The New Testament mission plan makes the churches responsible for the propagation of the Gospel. It gives them the obligation of discipline over their members who are on the mission field, should any irregularity in doctrine or morals arise. This also makes it possible for them to know exactly who they are supporting, what is being accomplished, and what things need to be prayed for and supported in finances.
Most unscriptural mission programs have the right idea in cooperating together, but they go astray in sending the finances to a human organization for distribution to missionaries. Such an organization is a superfluous body, a parasite, for it requires part of the finances for its own maintenance, or else funds from some other source that could be used for the direct support of missionaries. Where the missionary is church sent and church-supported, there is no such parasite to support, and the mission funds may be used with peak efficiency. This is the New Testament plan, and it cannot be improved upon, and man may only try to do so to his own confusion.
In many cases, membership in such a convention, association, fellowship, etc., has been made a test of fellowship between Baptists, which is another unscriptural practice. This only goes further to show that such a church parasite saps the spiritual life, as well as the physical life of those churches that subject themselves to them.
Mission boards, etc., were unknown until only two or three centuries ago, which again speaks of their extra-biblical character, and most of them were organized in the knowledge that they had no divine authority. Dr. Thomas Armitage, himself a “board” Baptist, has well said that: “At first, in many places, these began as simple annual meetings for religious exercises simply, but they naturally drifted into organic bodies including other objects as well. The Baptists were very jealous of them, fearing that they might trench on the independency of the Churches and come in time to exercise authority after the order of presbyteries (as history has proven that they would—DWH.), instead of confining themselves to fraternal aims. This has always been the tendency in the voluntary bodies of Christian history, and for this reason Associations will bear close watching at all times, as they are simply human in their origins.”—History of Baptists, p. 715.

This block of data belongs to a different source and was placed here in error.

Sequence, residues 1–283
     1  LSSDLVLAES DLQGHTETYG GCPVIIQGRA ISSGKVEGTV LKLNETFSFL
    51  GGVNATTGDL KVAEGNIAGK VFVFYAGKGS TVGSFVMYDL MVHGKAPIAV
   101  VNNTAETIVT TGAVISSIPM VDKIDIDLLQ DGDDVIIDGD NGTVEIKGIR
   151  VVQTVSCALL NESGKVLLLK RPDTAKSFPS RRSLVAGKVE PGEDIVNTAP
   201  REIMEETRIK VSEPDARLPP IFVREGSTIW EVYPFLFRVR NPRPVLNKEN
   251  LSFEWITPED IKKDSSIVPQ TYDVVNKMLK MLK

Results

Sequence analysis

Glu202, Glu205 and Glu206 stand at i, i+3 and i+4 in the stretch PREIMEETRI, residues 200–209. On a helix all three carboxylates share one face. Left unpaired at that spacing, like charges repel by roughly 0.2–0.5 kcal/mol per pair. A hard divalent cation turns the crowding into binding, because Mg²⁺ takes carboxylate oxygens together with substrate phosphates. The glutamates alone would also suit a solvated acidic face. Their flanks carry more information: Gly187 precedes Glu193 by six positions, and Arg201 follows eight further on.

To condone such extra-biblical practices, is to say, in effect, either that God did not know the best way for mission work to be done, or else to say that the Divine revelation relative to church doctrine and practice is still open arid in the progress of development toward the ideal, which would be an indictment of the inspiration of the New Testament. If this is not what Baptists mean when they condone these things, they should make a clean break and get back to the scriptural pattern. No other praiseworthy path is open.
Inasmuch as the church is God’s chosen vehicle of Divine truth to the world (Matthew 28:18-20; Eph. 3:10, 21; Jude 3), it is little wonder that the devil is going to such lengths to corrupt and turn it aside. The strange thing is that the Lord’s people, who have been born again and indwelled by the Spirit of God should be so beguiled as not to recognize these worldly innovations as the parasites that they are. It would appear from the results that in many cases Baptists have been open-minded toward all except the leadership of the Spirit, and the Word of God, to which their minds are closed. It is indeed strange that Baptists, who have long maintained that the only safe rule of faith and practice is the New Testament, should now begin to follow the devious ways of men, and to depart from the New Testament practice in so many ways.
Let us never forget that a parasite takes but it never gives. It is a totally selfish creature, and all of these things which we have looked at are parasites. No other word can adequately describe them. What will Baptists do about them?
It resolves itself into a personal and individual responsibility. It is not enough to say, “What is my church going to do about it?” The question must be, “What am I personally going to do about it?” The first duty begins with the study of the Scriptures, which are God’s law for mankind. The next step is doing what the Scriptures prescribe as God’s will. “For not the hearers of the law are just before God, but the doers of the law shall be justified” (Rom. 2:13). “But whoso looketh into the perfect law of liberty, and continueth therein, he being not a forgetful hearer, but a doer of the work, this man shall be blessed in his deed” (James 1:25).
One thing is certain: a parasite cannot live without a host. If the Lord’s people would refuse to host such parasites, most would die a natural death. God grant that it may be so.